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Dayton Business Journal...
Report: Kodak to focus on printing after bankruptcy
by DBJ Staff
Sunday, January 8, 2012 

Photo: Eastman Kodak 

If Eastman Kodak Co. carries through with a Chapter 11 bankruptcy filing in the coming weeks as media reports suggest, it could mark the end of a rich, 131-year history as the king of all-things related to photos and cameras, according to a report by 

In the report, Rafferty Capital Markets Analyst Mark Kaufman says the company likely will completely exit the consumer photo and camera business. 

“Forget about it. It’s not making money now,” Kaufman, told 

Instead, the plan would be for Kodak (NYSE:EK) to sell off all of its photo business, unload an extremely profitable chunk of its massive patent library and focus almost exclusively on digital printing as a business-to-business company. 

“It’s not a consumer business, its business-to-business. That’s what you’re going to have,” Kaufman said in the report. 

That would be good news for the Dayton operations, where Kodak has 570 employees at a facility that makes inkjet printers, which are reportedly competing well in the marketplace against such rivals as Hewlett-Packard Co    . and Canon. With the company already having discussed plans for possible growth in Dayton through state and local incentives, an emphasis on the printing side of the business would make those plans more likely to happen. That could lead to more jobs in Dayton and a stronger business for Kodak going forward. 

The report indicates that any bankruptcy filing would give the company some time to shift its business, selling off unprofitable units and valuable patents, and position itself to emerge as a much smaller, yet profitable company. It also could get a boost from any settlement payoff over its patent infringement lawsuit against Apple Inc.    and Research in Motion Ltd.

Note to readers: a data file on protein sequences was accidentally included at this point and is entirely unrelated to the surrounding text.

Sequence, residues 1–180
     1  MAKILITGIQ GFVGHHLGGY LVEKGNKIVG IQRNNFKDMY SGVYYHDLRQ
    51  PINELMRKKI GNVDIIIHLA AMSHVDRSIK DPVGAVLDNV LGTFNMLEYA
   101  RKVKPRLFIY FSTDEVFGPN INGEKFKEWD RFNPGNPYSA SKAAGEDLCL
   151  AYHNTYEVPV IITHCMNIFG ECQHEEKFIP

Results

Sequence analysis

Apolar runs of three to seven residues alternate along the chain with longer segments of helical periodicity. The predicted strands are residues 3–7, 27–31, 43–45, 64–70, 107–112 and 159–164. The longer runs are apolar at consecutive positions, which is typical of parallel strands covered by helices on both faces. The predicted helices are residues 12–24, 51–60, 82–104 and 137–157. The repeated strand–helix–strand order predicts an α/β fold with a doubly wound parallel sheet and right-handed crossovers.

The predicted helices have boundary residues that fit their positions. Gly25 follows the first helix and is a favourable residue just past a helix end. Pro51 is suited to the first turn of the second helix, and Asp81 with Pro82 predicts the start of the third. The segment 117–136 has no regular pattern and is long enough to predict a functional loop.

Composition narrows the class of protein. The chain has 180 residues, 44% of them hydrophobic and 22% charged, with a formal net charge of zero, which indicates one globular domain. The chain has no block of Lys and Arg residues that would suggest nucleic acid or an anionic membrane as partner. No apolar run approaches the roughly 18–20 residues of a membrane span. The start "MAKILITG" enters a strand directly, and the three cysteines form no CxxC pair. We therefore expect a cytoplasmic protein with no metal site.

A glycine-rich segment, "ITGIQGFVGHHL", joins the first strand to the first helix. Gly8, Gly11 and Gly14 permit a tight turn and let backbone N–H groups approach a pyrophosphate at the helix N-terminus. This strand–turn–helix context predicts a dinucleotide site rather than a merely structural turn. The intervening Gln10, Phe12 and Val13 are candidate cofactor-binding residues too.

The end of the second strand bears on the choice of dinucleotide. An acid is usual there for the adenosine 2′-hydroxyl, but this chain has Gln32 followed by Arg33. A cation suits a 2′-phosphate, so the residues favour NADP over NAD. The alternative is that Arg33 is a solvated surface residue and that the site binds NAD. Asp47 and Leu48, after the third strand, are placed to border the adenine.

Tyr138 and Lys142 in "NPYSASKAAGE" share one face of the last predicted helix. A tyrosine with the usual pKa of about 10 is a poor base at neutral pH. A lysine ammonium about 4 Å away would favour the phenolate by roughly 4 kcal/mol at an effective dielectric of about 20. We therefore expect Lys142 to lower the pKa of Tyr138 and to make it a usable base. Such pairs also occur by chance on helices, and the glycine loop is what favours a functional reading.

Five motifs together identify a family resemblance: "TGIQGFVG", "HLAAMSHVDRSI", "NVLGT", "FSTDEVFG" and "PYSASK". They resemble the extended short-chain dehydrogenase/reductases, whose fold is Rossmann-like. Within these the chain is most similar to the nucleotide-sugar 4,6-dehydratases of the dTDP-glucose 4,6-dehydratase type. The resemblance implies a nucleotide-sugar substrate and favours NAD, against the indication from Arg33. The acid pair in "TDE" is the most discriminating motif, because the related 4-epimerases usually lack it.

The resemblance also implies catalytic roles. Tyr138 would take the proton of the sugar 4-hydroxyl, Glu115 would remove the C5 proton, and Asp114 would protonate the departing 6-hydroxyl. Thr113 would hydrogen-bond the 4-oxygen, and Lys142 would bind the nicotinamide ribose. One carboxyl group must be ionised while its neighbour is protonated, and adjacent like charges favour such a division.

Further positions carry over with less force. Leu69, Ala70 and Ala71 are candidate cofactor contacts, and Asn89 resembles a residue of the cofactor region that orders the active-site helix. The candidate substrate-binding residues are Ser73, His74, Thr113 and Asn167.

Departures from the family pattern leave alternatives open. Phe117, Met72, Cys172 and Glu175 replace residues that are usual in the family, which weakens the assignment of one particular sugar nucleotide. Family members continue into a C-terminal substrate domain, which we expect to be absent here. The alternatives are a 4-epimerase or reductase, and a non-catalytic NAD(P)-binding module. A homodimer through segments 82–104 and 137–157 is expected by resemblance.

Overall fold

The patent in the suit involves technology for previewing digital images on Apple’s (NASDAQ:AAPL) iPhones and RIM’s (NASDAQ:RIMM) BlackBerrys. There was a mixed decision last year that failed to resolve the claims. A favorable ruling for Kodak could have been worth as much as $1 billion, the company said at the time. 

If the reports of how Kodak would look after emerging from bankruptcy are correct, the company may very well boost its operations in Dayton. In fact, the company already has expressed interest in growing locally. 

In late September, the state of Ohio approved a tax credit package worth $2.9 million over 10 years to entice Kodak to expand in the Dayton region. In addition, the city of Kettering recently committed a $435,000 grant to the company. 

State officials said if the company decides to expand in Kettering, it would invest at least $7.5 million in new manufacturing machinery as well as research and development equipment to help position the Kettering facility for future growth. 

Read this and other articles at Dayton Business Journal


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